“It’s not like it grows on trees” – actually..!

Musing on https://www.scientificamerican.com/article/stronger-than-steel-able-to-stop-a-speeding-bullet-mdash-it-rsquo-s-super-wood/

When people say “it’s not like it grows on trees” I always cringe about how much *does* literally grow on trees yet goes unnoticed, underutilized, and unappreciated. I think whether by our wise choices or lucky last minute adaptations, that can change and be of massive benefit to us and our surrounding creatures of all kinds locally and afar.

This reminds me of a critique against a vision I find beautiful – a vision of widespread forest gardens ‘in every backyard’ so to speak. The critic’s point – and they’re a permaculture-style farmer with shared hopes for that vision – is that people in modern western society don’t exercise or realize uses for the vast majority of products and benefits we can get from forest gardens, therefore the value of the forest garden diminishes to the point where people choose to have lawns instead.

Fair point. Here in NY I don’t know anyone who uses local trees for clothes, paper, or chemicals – except for people living in structures incompatible with local building codes, but they’re a precious few set of outkasts. There are rare cases of trees used as food and medicine, and thankfully local wood does get a decent amount of use as fuel or in construction. But why don’t we use trees for more chemicals, clothes, or even simply for more food, medicine, fuel, fodder, construction material, and … fun? There’s been “cheaper” alternatives for some time – will that remain the case, or how long will it last? Perhaps new technology like that described in this article will return wood to the “cheaper” alternative, or perhaps what’s currently cheaper will become (and/or appear) more costly.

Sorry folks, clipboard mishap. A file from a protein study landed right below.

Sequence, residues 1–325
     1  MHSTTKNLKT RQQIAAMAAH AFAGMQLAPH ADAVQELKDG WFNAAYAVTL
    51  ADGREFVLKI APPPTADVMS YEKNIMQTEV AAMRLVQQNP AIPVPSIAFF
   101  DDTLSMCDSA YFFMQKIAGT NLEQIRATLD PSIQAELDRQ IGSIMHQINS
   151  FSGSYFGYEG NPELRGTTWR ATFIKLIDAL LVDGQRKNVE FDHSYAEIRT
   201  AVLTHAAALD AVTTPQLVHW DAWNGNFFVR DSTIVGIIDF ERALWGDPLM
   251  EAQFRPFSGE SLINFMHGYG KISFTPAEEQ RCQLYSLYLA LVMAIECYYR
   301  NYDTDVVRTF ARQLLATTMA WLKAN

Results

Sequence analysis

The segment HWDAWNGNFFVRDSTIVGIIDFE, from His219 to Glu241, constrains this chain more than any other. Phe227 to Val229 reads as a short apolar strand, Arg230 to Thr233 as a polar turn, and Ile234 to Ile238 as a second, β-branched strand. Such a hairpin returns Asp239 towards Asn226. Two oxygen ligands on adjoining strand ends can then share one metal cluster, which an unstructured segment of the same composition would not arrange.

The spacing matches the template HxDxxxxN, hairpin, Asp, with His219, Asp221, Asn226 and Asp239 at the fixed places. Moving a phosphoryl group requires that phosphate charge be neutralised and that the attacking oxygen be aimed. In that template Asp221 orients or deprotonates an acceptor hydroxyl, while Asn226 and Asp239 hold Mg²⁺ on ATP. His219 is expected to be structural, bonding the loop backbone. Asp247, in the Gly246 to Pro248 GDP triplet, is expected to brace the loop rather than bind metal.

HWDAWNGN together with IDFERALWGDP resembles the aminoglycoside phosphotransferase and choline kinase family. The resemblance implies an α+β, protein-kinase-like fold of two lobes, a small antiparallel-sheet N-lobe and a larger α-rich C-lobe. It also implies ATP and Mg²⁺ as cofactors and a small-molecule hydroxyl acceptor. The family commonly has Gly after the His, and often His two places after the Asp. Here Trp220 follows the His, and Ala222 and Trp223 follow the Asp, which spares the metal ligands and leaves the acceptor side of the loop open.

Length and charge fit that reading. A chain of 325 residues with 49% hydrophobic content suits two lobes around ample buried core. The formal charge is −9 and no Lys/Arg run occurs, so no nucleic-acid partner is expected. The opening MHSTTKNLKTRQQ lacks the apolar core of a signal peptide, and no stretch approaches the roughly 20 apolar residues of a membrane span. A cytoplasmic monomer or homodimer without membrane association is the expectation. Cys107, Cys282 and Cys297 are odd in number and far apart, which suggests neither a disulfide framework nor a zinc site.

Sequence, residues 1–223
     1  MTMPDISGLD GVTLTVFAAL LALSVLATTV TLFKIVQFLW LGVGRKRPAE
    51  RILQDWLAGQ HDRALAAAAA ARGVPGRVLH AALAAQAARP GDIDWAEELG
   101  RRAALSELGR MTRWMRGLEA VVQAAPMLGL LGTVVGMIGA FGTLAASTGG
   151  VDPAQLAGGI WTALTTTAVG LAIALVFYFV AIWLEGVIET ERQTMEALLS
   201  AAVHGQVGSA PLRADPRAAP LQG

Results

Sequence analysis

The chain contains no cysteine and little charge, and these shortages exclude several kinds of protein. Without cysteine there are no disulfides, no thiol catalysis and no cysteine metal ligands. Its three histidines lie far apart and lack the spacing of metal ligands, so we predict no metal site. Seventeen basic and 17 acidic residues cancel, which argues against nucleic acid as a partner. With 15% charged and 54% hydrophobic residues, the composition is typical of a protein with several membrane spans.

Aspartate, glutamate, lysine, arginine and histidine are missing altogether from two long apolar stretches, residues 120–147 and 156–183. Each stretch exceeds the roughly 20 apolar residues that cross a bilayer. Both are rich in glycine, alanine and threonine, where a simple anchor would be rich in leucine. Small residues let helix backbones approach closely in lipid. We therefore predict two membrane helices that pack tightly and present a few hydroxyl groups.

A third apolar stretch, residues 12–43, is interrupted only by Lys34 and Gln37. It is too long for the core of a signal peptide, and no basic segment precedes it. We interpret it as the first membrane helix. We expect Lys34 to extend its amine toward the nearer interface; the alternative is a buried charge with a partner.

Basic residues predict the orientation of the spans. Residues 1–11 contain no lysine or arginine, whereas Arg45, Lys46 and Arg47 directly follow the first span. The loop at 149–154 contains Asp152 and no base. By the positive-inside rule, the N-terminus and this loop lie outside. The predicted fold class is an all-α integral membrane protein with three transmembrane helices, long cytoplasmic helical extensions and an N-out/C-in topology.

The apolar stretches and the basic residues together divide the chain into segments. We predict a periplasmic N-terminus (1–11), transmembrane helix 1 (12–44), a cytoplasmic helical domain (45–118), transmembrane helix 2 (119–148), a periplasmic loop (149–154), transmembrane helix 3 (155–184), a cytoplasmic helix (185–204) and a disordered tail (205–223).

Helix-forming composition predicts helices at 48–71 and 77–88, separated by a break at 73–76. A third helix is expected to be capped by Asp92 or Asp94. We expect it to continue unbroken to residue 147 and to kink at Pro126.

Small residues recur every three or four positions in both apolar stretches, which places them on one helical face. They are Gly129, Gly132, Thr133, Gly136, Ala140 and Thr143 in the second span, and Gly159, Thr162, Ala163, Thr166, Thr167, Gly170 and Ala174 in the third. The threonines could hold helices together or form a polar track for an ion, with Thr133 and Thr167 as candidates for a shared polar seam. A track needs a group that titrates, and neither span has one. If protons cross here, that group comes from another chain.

Times are changing, with economics and ecology experiencing disruptions we cannot fully foresee. What we can count on is that we’ll benefit from having resilience – increasingly a buzzword in environmental work, and for good reason – as it ensures we can ‘weather any storm’ and potentially even thrive in the face of changes. How do we get resilience? I got two answers for you: trees and diversity. I’d be happy to discuss either with ya – please comment if ya got some thoughts to share on the subject.

One reply

  1. coviller says:

    The 5 F’s provided by forests: food, fiber, fodder, fuel, ..fun! There’s whole categories more of benefits (e.g. regulating affects including but not limited to air and water temperature mitigation), but the 5 F’s is a nice rule of thumb 😉

What do you think?